So back in November, I called to make a mammogram appointment because I'd last had one a couple of years before and I'd put it off, mainly due to COVID. I needed a late appointment, which pushed it out to January 18th, but that was okay, I figured. I went and got it, didn't think much about it, and had decided that all must be fine or they'd have called me, and I'd probably get something in the mail in 2-4 weeks (or more, given the challenges of getting anything through the Postal Service these days).

Then they called.

It was all matter-of-a-fact. There was need for a diagnostic mammogram because of something on the images. I was in enough shock I didn't ask what it was. At the urging of a co-worker who has been through cancer and was talking me down from a panic attack, I called back and was told it had to do with assymetry, something showing up inside one breast but not the other, something not noticed on my previous imaging. I was to come today for that mammogram and prepare to stay one to three hours in case there was need for an ultrasound or biopsy.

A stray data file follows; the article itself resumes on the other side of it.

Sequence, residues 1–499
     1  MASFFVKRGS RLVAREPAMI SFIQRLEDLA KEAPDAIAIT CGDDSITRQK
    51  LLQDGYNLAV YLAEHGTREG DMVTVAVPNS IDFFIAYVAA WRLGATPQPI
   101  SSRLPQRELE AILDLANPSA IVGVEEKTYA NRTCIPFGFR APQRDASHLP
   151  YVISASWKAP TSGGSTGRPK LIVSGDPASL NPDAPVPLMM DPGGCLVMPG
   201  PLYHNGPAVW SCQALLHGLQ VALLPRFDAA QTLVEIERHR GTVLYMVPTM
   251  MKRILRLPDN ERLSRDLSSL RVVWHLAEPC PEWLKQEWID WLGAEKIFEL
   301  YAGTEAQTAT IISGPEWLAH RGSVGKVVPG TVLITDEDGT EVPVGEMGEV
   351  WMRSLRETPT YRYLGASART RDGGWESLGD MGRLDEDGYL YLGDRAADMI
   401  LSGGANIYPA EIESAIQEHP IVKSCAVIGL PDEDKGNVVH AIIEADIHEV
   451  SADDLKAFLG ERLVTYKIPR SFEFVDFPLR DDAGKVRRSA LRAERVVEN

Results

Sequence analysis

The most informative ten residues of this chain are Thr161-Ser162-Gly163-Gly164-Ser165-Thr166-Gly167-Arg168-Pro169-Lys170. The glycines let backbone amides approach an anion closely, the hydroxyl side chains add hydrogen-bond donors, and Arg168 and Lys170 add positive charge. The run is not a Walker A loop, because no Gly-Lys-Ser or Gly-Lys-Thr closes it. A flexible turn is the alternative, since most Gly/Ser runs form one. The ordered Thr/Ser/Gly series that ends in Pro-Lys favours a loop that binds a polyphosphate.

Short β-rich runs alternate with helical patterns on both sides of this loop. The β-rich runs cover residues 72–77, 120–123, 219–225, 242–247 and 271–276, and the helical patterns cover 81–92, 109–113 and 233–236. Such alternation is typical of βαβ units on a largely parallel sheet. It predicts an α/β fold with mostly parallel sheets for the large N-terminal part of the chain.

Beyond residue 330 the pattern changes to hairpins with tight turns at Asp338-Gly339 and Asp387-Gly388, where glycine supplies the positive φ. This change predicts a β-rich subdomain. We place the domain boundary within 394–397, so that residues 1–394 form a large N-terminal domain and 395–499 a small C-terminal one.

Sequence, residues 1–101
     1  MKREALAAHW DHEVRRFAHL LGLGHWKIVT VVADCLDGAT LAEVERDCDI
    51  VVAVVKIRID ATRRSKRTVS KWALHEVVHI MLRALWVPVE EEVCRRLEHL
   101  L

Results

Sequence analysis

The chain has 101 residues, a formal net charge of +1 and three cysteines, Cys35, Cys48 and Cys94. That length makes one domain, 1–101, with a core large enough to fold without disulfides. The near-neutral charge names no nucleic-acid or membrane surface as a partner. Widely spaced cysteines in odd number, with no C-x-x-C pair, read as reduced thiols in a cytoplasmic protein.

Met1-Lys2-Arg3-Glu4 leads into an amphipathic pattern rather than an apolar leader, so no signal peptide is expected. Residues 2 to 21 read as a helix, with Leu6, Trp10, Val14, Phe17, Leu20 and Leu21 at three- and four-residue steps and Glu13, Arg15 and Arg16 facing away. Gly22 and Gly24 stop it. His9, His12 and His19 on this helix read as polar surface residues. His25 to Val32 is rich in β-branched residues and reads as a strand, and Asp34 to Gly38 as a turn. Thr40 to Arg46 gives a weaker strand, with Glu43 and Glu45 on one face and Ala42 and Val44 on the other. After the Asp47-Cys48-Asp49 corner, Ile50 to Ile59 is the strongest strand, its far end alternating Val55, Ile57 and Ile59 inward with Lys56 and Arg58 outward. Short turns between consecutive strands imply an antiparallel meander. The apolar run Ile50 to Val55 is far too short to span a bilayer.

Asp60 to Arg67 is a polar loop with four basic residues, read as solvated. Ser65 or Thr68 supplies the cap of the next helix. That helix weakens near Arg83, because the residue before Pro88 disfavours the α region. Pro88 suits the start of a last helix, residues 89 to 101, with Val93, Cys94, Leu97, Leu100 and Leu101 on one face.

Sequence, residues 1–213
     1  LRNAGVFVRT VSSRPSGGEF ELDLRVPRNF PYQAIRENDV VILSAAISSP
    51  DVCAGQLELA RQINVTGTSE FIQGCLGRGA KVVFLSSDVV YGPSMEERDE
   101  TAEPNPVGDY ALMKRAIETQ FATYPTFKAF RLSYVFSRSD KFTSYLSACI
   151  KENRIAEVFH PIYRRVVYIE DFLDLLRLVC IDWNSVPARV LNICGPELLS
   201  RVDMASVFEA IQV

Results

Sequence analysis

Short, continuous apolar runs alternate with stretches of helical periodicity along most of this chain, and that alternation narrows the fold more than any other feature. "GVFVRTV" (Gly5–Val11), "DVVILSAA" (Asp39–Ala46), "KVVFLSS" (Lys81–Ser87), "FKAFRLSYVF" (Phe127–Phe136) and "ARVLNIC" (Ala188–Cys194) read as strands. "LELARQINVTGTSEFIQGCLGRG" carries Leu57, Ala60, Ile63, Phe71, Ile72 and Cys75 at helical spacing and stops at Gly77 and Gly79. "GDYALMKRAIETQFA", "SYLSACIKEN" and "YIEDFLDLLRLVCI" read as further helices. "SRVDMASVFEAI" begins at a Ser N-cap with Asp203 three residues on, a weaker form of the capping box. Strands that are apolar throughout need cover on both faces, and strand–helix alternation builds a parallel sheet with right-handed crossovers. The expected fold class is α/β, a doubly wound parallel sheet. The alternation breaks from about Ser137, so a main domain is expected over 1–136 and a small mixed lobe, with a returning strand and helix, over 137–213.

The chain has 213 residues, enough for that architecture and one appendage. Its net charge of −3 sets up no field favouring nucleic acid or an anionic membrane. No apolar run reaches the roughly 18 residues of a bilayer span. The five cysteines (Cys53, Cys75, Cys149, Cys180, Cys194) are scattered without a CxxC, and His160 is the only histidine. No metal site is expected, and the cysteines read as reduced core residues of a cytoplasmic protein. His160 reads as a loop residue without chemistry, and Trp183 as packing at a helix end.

Fortunately we've been dealing with ice in our area, so I haven't had much chance to overly worry. But I went today and had just the left breast scanned, and then sat in the waiting room in my little half-gown wondering how it would come out. Then someone called my name, told me I was free to go, and took me to the changing room and showed me the results were normal, that it was just normal tissue. I was very much relieved, dressed, went back to the car, and texted my friends at work--two of whom were not so lucky to get good news--my results. All in all I was in there about 37 minutes, only about 25 past my appointment time. It was over very quickly, and that was great. But there were other women who were there, and I remember one pacing in the hallway, others quietly introspective. One of them might not be getting good news.